This evening I heard on our local public radio station a version of the following news story:
Proposed bill would protect expressions of religion (Columbus Dispatch)
Here’s the deal: Two Ohio state legislators–one Republican, one Democrat, but united in support of a policy that can be fairly described as characteristic of the religious right–have introduced a bill that would subject government actions to a “strict scrutiny” standard if they restrict religious exercise. This is an Ohio-specific version of the Religious Freedom Restoration Act, which Congress passed in the 1990s after the Supreme Court’s much-decried Oregon v. Smith decision. In that decision, the prevailing justices held that the First Amendment’s promise of free religious exercise did not require governments to provide religious exemptions to laws–specifically, that the state of Oregon did not have to exempt people who use peyote religiously from the state’s ban on peyote. In other words, Oregon v. Smith rejected the “strict scrutiny” standard, which would tend to press governments to provide exemptions. RFRA was intended to reinstate the “strict scrutiny” standard. (The Supreme Court later struck RFRA down, in part, but that’s another complicated story.)
The federal version of RFRA had very broad support, from left to right. Civil libertarians supported it as a way to protect religious minorities. The Ohio RFRA, however, at least as it’s being described in the news by its sponsors, is not about protecting the kinds of groups that civil libertarians would think of as “religious minorities.” Rather, the bill is about resisting secularism so as to bring Christian expression back into the public square. The sponsors are touting the “strict scrutiny” standard as a way to authorize things like nativity scenes in government buildings or prayer in public schools. That is, what Ohio RFRA’s sponsors want held to “strict scrutiny” are efforts to exclude religion from public space–and, again, the examples I’ve seen the sponsors give of “religion” are all Christian or, at most, Judeo-Christian.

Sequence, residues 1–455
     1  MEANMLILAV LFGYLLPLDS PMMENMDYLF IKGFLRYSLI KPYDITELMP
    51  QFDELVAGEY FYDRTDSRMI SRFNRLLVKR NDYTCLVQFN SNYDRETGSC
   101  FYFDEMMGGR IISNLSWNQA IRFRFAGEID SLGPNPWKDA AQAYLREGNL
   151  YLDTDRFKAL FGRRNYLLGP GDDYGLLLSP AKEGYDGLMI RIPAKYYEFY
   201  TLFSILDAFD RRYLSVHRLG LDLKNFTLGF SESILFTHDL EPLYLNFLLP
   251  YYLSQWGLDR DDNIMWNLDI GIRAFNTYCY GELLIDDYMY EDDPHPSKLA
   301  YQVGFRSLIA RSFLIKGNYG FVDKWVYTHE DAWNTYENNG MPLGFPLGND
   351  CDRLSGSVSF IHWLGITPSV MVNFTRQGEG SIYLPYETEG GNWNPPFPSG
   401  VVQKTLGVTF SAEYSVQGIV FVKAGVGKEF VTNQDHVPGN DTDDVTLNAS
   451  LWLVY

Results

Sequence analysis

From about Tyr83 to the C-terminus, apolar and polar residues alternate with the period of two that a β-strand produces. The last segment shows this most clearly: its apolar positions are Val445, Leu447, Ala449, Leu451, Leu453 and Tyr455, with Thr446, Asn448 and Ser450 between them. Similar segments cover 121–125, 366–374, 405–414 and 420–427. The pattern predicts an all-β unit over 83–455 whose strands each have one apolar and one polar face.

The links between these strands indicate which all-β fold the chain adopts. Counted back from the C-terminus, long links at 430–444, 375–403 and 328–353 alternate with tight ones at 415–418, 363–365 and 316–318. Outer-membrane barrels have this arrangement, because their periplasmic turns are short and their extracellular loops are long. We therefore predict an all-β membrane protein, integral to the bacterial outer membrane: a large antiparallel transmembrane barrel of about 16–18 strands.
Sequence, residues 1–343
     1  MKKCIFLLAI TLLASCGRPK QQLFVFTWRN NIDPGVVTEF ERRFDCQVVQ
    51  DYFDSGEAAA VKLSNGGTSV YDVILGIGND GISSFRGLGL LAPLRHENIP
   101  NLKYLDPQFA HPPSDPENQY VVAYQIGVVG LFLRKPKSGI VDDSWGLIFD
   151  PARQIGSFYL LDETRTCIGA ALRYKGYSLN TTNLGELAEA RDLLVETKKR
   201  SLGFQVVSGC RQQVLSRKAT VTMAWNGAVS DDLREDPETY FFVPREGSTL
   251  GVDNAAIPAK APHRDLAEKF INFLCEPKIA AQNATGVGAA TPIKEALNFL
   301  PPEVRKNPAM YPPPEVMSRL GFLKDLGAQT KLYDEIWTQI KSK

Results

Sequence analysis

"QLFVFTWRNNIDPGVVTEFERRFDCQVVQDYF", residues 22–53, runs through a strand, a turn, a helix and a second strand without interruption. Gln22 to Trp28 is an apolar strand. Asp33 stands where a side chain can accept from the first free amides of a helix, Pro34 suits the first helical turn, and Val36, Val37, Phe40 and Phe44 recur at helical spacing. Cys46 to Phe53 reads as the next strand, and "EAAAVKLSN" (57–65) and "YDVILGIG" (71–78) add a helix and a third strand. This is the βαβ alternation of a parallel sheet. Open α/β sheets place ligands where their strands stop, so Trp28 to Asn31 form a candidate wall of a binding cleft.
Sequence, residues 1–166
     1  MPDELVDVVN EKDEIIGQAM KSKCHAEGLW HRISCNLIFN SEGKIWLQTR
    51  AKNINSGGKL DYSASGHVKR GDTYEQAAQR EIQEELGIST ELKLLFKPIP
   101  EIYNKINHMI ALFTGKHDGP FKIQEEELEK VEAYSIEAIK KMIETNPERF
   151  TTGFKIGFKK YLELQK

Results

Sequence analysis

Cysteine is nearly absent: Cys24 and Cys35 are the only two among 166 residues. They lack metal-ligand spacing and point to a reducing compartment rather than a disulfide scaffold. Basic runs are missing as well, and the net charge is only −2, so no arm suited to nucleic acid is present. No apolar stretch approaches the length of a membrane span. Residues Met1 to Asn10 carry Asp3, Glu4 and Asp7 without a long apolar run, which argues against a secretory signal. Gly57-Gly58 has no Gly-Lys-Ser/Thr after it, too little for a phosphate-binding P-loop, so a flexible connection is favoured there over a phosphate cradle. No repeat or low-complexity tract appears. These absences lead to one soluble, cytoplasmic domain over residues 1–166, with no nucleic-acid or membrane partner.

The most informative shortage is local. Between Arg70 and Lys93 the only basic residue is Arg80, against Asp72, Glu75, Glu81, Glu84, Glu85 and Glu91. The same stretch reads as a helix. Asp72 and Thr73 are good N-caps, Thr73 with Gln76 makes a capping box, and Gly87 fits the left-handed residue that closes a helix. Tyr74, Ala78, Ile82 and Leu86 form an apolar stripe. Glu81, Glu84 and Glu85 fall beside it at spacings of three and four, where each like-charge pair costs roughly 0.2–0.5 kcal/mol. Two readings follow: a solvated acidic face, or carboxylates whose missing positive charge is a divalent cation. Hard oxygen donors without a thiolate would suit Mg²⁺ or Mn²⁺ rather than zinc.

This is an intriguing example of a phenomenon I was discussing just today in my survey course on American religious history, where we were discussing the contemporary “culture wars.” In our (admittedly simple) map of the culture wars, you have on one side religious liberals who advocate secularism in the name of protecting church-state separation–that is, in the name of the First Amendment’s ban on an establishment of religion. On the other side, you have religious conservatives who oppose secularism in the name of defending religious freedom–that is, in the name of the First Amendment’s promise of free religious exercise.
The Ohio RFRA illustrates nicely the conservative side of the conflict. It’s an anti-secularist initiative launched in the name of protecting religious freedom. What’s particularly interesting about Ohio RFRA is how it invokes “strict scrutiny”–which the courts developed to safeguard free exercise–to try to circumvent rulings made by the courts to prevent establishment. Of course, from the sponsors’ point of view, getting nativity scenes back in courthouses or prayer back in graduation ceremonies are also cases of safeguarding free exercise–as the religious right understands that concept.